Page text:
Pick up any real estate career book and you’re sure to find one common suggestion: Seek a mentor. Once walking on a specific career path, we all know it’s wise to bring in a camp of those who have traveled it before you. But what we often come to realize is, it’s the mentors that are with us from birth, specifically the motherly figures in our lives, and the words which they repeatedly impart, that shape our selves and guide our careers.
In honor of Mother’s Day, nine Partners Trust associates are sharing life lessons from their mothers and grandmothers; the inspiring, the motivating and even the embarrassing.
“‘Never burn a bridge!’ —Janet Segal”
“My mom always said, her mother always said to her: “If there’s something you can do about it, do it. If there’s nothing you can do about it, worrying won’t help.’”
“One thing my mother taught me that’s helped in my career is to always send a handwritten thank you note. She also told us to wear nice underwear in case we got in an accident and ended up in the hospital, don’t chew gum because you look cheap, and marry a guy who knows how to dance.”
“My mother was insistent for many, many years that I buy rental properties. She’s smart.”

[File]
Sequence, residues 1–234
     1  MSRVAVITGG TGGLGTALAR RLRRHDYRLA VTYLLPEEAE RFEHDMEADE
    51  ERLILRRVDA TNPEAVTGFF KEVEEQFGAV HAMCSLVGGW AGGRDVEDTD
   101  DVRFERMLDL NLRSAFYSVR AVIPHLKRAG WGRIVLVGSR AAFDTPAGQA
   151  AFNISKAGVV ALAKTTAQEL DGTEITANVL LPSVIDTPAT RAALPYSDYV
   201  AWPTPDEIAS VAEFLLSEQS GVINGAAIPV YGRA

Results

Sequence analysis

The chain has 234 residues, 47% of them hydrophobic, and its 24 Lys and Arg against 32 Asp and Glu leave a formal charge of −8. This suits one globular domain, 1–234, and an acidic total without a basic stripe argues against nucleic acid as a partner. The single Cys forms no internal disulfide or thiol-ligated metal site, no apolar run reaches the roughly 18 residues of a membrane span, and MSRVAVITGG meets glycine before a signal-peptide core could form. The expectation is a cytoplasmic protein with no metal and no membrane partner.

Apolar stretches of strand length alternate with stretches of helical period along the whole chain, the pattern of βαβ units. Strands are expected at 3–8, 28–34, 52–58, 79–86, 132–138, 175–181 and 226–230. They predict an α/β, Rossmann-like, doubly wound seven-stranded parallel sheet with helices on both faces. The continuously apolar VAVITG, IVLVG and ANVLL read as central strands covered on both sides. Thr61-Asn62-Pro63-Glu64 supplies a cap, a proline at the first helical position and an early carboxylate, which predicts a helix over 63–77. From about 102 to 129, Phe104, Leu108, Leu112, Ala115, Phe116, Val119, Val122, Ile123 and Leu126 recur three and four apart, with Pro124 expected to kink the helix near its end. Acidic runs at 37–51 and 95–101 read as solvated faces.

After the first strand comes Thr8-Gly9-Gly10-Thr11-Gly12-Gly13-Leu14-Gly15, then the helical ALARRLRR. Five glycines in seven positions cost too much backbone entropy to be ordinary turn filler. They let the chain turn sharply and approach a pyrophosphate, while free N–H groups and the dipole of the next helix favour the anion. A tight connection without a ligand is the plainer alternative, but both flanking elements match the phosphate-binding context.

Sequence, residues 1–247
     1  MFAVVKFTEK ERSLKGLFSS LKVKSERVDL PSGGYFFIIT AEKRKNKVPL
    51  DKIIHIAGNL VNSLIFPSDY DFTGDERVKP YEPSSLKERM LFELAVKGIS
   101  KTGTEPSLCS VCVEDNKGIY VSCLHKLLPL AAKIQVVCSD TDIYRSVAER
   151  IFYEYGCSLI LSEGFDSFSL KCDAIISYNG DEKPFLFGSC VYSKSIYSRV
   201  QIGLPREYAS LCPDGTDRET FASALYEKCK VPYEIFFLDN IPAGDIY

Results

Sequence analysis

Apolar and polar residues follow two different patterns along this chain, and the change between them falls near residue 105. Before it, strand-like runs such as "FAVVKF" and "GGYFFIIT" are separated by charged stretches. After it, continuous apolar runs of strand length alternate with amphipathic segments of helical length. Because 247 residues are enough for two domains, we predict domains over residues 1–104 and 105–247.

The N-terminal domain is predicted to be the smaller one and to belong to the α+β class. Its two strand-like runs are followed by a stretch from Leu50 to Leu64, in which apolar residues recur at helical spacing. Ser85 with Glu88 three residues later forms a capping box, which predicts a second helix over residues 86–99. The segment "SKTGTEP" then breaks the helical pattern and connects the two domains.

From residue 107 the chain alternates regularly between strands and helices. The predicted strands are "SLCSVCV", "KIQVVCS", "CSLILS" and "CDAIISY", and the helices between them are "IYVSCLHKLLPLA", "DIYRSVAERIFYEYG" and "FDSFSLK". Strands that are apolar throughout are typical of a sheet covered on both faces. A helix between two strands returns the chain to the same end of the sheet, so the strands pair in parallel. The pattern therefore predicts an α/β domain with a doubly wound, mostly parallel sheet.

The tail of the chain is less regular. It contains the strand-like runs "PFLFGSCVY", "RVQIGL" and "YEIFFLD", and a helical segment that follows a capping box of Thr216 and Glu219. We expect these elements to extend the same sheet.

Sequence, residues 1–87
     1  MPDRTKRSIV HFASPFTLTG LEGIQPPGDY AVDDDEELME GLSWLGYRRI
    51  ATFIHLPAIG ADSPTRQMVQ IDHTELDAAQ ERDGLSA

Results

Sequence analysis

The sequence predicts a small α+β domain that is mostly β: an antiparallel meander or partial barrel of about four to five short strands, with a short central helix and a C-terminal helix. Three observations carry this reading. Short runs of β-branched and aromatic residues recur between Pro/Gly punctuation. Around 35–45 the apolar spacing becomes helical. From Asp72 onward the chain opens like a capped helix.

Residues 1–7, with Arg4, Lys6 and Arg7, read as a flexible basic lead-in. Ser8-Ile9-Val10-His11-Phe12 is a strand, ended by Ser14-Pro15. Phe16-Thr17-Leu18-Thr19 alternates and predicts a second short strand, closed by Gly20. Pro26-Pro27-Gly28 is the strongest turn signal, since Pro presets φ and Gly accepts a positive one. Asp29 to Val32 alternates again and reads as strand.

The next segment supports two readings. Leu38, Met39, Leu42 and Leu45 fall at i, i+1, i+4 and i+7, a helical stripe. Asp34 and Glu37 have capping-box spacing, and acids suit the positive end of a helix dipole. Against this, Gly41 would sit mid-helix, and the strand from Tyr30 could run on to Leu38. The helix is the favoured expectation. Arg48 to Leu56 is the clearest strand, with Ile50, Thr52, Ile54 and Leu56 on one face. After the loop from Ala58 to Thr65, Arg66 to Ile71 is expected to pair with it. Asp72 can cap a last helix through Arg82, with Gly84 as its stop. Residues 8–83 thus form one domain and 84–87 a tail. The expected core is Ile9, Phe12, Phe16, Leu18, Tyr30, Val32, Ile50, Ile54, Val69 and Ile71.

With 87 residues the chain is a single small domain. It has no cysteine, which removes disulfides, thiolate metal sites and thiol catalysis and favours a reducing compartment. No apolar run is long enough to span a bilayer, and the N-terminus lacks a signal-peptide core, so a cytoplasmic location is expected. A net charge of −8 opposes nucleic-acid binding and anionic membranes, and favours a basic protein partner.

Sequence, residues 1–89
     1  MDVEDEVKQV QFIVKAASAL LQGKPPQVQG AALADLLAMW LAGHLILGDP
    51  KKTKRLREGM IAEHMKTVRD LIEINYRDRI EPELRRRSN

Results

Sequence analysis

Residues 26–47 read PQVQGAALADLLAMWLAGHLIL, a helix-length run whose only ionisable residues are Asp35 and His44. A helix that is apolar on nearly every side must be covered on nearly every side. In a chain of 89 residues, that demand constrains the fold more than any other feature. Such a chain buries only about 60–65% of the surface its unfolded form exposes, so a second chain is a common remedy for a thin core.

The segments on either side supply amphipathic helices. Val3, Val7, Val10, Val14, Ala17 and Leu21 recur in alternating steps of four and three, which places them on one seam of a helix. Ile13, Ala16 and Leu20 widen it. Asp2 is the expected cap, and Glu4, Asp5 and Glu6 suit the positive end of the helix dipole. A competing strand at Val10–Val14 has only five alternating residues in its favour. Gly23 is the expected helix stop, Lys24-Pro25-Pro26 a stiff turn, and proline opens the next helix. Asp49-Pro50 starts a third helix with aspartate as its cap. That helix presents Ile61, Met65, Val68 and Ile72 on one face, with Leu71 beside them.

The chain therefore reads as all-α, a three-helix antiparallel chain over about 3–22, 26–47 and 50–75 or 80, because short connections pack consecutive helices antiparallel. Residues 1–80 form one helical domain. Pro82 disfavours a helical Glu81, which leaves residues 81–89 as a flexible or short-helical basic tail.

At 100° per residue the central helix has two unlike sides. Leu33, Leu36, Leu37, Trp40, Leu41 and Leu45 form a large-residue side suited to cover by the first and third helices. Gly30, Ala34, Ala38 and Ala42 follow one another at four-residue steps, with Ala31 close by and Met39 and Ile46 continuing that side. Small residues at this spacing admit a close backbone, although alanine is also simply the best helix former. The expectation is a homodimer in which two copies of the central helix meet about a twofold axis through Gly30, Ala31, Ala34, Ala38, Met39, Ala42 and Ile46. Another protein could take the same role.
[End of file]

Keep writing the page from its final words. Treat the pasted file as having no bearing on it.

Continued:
“My mother Joyce, who is a vibrant almost 87-year-old, always told me to be true to myself and to be honest in my business dealings. She encouraged me to be the best person I could be. Think for me I looked at her, even today, as a person who says it like it is. I always know where I stand with her—and most likely people feel the same about me. And, while this has nothing to do with career, the one bit of advice that my friends and I still remember is, ‘A belt makes an old outfit look new!’”
“Gloria Fick, mother of 8, always said ‘You eat here, you sleep here, you work here.’ A great leader of souls.”
“My Mom is the most nurturing woman and person in my life. She works closely with me as my title rep. and as one of the nation’s top five title reps for more than 20 years. In addition to her success, she is known for her list-making habit. Her biggest professional advice she has given me is teaching me this simple, yet effective habit. She did so by example and by telling me that no one is ever too rich or too smart to make a to-do list. We all forget little and big tasks every day, but by making a daily to-do list we limit our ability to make that mistake.
“My grandmother Cecil, like my mother, is a huge inspiration to me. They both have been pillars of true stamina (my Grandma Cecil is presently 93 years), instilling values, teaching and just providing unconditional love. It is them that softens my heart, my head, my perspective on life, including my business life. I am so blessed as I couldn’t imagine a world without a motherly figure—it would be a scary place to live.”
“My mom is cut from a different cloth than most. Her best piece of advice? Don’t eat yellow snow. That was actual advice when I was five and she was sending me out to play by myself in the yard, which was covered in three feet of snow. And people wonder why I turned out the way I did…”